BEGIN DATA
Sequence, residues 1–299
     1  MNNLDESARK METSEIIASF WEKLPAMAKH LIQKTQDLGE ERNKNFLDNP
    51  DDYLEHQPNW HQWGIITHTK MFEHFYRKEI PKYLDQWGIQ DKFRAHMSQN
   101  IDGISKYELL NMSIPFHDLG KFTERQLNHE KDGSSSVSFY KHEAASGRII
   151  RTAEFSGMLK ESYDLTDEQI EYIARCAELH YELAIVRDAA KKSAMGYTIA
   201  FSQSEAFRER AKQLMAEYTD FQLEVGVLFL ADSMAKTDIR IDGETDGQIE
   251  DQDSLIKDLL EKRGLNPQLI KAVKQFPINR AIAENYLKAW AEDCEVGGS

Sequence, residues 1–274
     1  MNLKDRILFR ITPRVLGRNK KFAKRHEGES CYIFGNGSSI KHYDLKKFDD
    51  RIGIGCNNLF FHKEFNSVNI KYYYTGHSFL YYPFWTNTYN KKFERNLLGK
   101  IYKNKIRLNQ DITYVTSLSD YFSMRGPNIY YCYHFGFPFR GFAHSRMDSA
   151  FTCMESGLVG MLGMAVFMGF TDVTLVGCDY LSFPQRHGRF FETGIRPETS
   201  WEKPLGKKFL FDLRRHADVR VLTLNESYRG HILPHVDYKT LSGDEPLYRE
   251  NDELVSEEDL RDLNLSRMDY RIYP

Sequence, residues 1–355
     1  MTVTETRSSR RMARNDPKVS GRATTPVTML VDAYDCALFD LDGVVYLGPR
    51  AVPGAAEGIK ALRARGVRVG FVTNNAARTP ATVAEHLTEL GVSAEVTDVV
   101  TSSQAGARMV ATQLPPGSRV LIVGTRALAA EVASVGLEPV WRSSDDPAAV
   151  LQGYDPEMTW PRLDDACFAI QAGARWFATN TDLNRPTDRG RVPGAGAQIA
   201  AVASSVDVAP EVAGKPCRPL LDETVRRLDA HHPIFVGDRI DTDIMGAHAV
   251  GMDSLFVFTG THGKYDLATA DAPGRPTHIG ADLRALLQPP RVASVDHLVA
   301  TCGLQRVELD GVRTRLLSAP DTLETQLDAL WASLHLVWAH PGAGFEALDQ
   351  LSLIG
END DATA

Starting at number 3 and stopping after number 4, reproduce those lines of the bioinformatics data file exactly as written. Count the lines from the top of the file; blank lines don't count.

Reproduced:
    51  DDYLEHQPNW HQWGIITHTK MFEHFYRKEI PKYLDQWGIQ DKFRAHMSQN
   101  IDGISKYELL NMSIPFHDLG KFTERQLNHE KDGSSSVSFY KHEAASGRII